Thursday, December 13, 2007

Working on 200 Drawings

200 drawings nikolai & jaime 2

200 drawings brushes

200 drawings nikolai & jaime 4

Jaime Lee Loy and Nikolai Noel working on 200 Drawings.

Monday, December 10, 2007

4: 200 Drawings, by Jaime Lee Loy and Nikolai Noel

14 December, 2007, at 9.00 pm, in the Alice Yard Space

Since late 2006, the young artists Marlon Griffith, Jaime Lee Loy, and Nikolai Noel have been engaged in open-ended collaboration and conversation with each other. In 2008, the trio will present several collaborative projects. During Griffith's absence from Trinidad (on a residency in Jamaica), Lee Loy and Noel will co-operate on a performative project at Alice Yard, called 200 Drawings.

"The project is a kind of exercise in looking, with 'gender' underpinnings--a level of engagement and observation without direct interaction. This is apart from the obvious exercise in concentration, imagination, and execution involved in the production of the drawings. J and I sit across the room from each other and make drawings, and we hope to amass 200 at the end. We give ourselves limitations with regard to size of paper, and that the drawings be executed in the presence of the other person involved. We work in the space where the drawings will be displayed."

--Nikolai Noel

From Monday 10 December, Lee Loy and Noel will spend several hours each day drawing each other in the gallery space at Alice Yard. On the night of Friday 14, the finished drawings will be displayed in the Alice Yard Space even as the two artists continue to draw under the gaze of their audience.


Jaime Lee Loy has been experimenting with video for the past five years. Her paintings have also appeared in over a dozen exhibitions. She has been artist in residence in Trinidad (CCA) and the USA (Vermont Studio Centre). Her writing and art explore the nuances of the female psyche and interrogate the social frameworks that negatively impact that psyche. A young single mother, she produced the documentary Protest based on young mothers in Trinidad, as well as the videos Madam and Unease. She is currently producing a film based on Bury Your Mother, a short story she wrote for the forthcoming Trinidad Noir anthology. She is an honours graduate in literature and visual arts of the University of the West Indies, St Augustine.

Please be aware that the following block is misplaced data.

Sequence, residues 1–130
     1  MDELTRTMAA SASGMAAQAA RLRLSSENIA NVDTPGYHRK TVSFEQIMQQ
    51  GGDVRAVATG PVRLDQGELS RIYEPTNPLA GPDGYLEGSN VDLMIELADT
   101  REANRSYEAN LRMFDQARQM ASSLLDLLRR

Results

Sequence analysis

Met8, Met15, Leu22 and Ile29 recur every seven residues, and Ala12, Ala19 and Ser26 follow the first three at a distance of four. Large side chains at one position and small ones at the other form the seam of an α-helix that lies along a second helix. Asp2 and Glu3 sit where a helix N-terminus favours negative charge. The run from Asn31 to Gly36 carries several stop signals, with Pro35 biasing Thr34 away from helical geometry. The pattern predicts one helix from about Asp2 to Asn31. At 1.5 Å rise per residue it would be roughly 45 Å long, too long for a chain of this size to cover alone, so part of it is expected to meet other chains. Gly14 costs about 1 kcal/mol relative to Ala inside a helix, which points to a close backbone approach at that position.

Nikolai Noel grew up in the east Port of Spain district of Belmont and attended the John Donaldson Technical Institute before entering the world of commercial video production as an animator. He began to exhibit in 2000, and has shown work every year since, participating in a number of group shows and with solo shows in 2002 and 2007. He says: "The purpose of my work is to question the way we structure our civilisation. Why are the institutions that govern the world we know, the institutions that govern the world we know? Could we have evolved an alternative, more equitable form of organising ourselves? Is it too late to do it? Do we have the will or desire for that kind of thing? I am interested in the millions of years of occurrences that brought us to this point."


The trematode--a six-legged frog--has been adopted as a badge or logo for their collective by Marlon Griffith, Jaime Lee Loy, and Nikolai Noel.

Saturday, November 24, 2007


dave williams waiting 2

Dave Williams performing Waiting, 23 November, 2007.

dave williams waiting 1

Tuesday, November 20, 2007

3: Waiting, by Dave Williams

23 November, 2007, at 9.30 pm, in the Alice Yard Space

"The size and shape of the space around us figures the shape of what we feel we need to get out of and how far away from it we think we need to run. The shape of the space around us, therefore, prescribes not only what we move like but what we form ourselves into in order to reside in, or escape it."

-- Dave Williams

Bio: Dave Williams is a Trinidad-based performance artist and choreographer who uses elements of dance to re-present archetypes and stereotypes of our circumstance. In an attempt to manipulate the way we perceive, reference, and interpret our responses and actions, he is now exploring media beyond the stage.

Monday, October 22, 2007

At the Proverb opening

Alice Yard Space

At the opening of Proverb, a video work by Mario Lewis; photo by Georgia Popplewell. More photos from the 19 October event here.

Wednesday, October 17, 2007

2: Proverb, by Mario Lewis

19 October to 9 November, 2007, in the Alice Yard Space

mario lewis proverb

Still from Proverb (2005), a video work

In Proverb ... Mario Lewis presents an installation meditating on the diasporan experience, commenting on "migration, history and belonging", and what he calls a "hybrid film" explores "the passing of time, estrangement, [and] alienation as a poetic construct"....